Increasing connectivity of production systems in “smart” industry 4.0 operations is driving the interaction between people and machines. The trend is moving towards industrial robots that operate without protective barriers. A prerequisite for this level of co-working is that people must not be endangered at any time – but that is precisely the Achilles’ heel of collaboration between people and robots. Currently, laser scanners are used to monitor the danger zone around machinery, and to stop the machine as soon as a person enters the zone. However, optical sensors do not always achieve reliable results under changing light conditions. They also do not work if smoke, dust or fog limits visibility.

Researchers at the Fraunhofer Institute for Applied Solid State Physics IAF have developed a compact modular 360-degree radar scanner that is superior to optical sensors in many respects. This makes it a perfect choice for safety applications for human-machine collaboration. The radar works with millimeter waves that are reflected by the objects to be observed, such as people (see box: Radar with 360-degree vision). Transmitted and received signals are processed and evaluated using numerical algorithms. Based on the calculations, it is possible to determine the distance, position and speed of the objects. If several radar units are used, an object’s location in the room can also be determined as can the direction in which it is moving.

“Our radar is not focused on one point. Instead, it sends out millimeter waves in a club shape. Unlike a laser scanner, the signals are reflected even when visibility is obstructed by an object,” explains IAF scientist Christian Zech. The laser scanner can reliably measure the distance and the position of a target – a person, for instance – only if the target is working in an unobstructed line of sight. However, IAF’s 360-degree radar can penetrate optically opaque material (see box), which means it can identify the employee even if there are boxes, cardboard walls or other obstacles in the way.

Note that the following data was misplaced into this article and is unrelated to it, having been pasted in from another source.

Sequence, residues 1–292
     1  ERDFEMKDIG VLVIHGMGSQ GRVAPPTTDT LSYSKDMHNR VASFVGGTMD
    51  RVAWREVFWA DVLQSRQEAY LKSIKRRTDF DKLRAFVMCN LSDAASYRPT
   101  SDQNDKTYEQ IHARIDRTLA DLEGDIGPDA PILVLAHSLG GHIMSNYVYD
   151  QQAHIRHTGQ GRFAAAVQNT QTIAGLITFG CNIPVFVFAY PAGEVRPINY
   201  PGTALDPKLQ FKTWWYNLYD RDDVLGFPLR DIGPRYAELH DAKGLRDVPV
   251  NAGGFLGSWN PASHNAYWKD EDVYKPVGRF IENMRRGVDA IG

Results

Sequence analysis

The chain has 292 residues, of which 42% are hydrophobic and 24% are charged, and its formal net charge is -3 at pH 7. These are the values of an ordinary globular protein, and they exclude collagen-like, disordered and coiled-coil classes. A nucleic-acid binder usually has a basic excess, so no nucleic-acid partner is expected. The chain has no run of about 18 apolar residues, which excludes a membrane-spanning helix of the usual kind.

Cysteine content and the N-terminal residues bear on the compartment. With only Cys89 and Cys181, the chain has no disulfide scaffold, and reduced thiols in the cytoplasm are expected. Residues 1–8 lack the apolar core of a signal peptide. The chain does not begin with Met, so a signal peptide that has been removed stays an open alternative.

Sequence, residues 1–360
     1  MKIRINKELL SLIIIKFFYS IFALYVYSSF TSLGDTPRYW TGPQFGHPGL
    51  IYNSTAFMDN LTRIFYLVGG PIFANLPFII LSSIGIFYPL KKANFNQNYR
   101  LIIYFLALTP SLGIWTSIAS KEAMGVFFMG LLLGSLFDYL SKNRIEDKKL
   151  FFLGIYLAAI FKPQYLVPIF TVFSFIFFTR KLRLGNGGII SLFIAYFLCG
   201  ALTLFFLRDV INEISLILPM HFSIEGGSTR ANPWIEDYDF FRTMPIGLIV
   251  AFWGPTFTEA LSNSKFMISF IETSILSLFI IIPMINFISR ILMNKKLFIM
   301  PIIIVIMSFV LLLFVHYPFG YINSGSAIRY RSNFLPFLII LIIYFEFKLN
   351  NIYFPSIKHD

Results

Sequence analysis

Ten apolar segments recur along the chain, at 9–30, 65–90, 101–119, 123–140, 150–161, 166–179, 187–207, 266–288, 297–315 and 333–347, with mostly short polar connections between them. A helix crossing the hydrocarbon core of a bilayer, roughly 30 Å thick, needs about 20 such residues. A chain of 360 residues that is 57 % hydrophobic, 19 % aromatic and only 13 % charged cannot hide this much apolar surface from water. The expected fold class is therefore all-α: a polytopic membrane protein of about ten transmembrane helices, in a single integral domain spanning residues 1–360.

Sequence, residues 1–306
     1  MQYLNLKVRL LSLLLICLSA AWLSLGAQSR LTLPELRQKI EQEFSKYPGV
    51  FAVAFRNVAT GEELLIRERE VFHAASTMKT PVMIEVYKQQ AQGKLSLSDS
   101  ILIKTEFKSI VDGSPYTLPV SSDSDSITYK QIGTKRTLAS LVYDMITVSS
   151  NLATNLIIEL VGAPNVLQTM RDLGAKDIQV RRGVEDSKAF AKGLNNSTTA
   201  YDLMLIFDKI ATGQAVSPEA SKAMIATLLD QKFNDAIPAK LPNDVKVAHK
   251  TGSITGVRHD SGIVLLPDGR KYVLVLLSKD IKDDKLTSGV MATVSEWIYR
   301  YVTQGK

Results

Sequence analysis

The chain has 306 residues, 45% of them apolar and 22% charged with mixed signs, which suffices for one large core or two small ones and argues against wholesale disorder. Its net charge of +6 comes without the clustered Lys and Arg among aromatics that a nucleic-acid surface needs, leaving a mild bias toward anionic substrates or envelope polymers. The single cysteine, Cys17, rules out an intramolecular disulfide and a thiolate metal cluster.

High-frequency board technology for cost-effective systems

Previous millimeter wave radar systems – based on waveguides – are bulky and expensive. IAF’s scanner has a diameter of only 20 centimeters and is 70 centimeters high. The high-frequency module featuring indium gallium arsenide semiconductor technology is no larger than a pack of cigarettes and is located in the base of the scanner. “These days, millimeter wave applications are dominated by waveguides that are extremely expensive to produce. Thanks to a cost-effective mounting and interconnection technology as well as specially developed circuit boards, we can replace the wave guides with our high-frequency module that has been integrated onto a board measuring just 78 x 42 x 28 millimeters,” says Zech. The high-frequency module, which is the key component of the radar scanner, was developed by IAF researchers in close collaboration with the Fraunhofer Institutes for Reliability and Microintegration IZM and for Manufacturing Engineering and Automation IPA.

In addition to the signal processor, the complete system comprises a transmitting and receiving antenna with a dielectric – that is, electric non-conducting – lens. A self-turning mirror affixed at a 45 degree angle deflects the millimeter waves, guides them, and evaluates the entire room. Thanks to the use of a dielectric antenna, the angle of aperture can be freely selected. That means nearby objects as small as a centimeter in size can be detected as easily as large surfes that are far away. The system‘s range of operation is dependent on the application and can be up to several hundred meters.

The scanner includes an Ethernet interface and is therefore suitable for industry 4.0 applications.

Precise distance measurement

In order to evaluate the measurement accuracy and reliability of the 360-degree radar, the researchers carried out hundreds of measurements in the lab. Maximum deviation from the mean was less than a micrometer; standard deviation was 0.3 micrometers.